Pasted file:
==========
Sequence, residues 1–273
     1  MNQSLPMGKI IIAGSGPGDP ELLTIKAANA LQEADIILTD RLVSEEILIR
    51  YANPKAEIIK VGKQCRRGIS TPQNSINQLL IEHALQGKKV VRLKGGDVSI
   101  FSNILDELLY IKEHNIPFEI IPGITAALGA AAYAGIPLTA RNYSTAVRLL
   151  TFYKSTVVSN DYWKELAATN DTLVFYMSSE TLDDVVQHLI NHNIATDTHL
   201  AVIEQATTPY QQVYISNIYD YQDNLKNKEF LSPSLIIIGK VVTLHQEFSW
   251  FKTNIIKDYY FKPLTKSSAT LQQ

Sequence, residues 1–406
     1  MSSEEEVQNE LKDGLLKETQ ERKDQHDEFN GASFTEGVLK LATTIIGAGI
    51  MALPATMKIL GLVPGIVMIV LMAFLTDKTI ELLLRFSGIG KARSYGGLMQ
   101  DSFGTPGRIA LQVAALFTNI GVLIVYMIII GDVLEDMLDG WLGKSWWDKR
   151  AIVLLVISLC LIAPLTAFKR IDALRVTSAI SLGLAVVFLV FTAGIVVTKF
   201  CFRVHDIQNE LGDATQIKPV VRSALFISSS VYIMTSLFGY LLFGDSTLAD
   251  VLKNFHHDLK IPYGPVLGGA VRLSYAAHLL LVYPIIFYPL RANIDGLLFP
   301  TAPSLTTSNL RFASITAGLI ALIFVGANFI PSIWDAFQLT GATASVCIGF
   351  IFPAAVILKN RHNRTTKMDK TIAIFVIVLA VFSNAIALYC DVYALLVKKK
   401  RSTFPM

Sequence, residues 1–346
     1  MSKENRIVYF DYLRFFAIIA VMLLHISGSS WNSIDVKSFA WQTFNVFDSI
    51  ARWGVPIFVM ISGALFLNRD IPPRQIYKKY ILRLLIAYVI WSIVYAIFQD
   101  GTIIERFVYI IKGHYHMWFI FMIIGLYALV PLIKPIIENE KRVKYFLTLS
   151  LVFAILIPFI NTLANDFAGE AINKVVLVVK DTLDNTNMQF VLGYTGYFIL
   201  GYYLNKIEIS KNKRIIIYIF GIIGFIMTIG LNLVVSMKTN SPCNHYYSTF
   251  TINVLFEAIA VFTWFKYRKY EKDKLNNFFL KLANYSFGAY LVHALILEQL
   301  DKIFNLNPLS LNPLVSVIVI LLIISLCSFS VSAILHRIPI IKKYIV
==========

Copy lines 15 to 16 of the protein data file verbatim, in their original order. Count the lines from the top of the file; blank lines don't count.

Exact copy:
   301  TAPSLTTSNL RFASITAGLI ALIFVGANFI PSIWDAFQLT GATASVCIGF
   351  IFPAAVILKN RHNRTTKMDK TIAIFVIVLA VFSNAIALYC DVYALLVKKK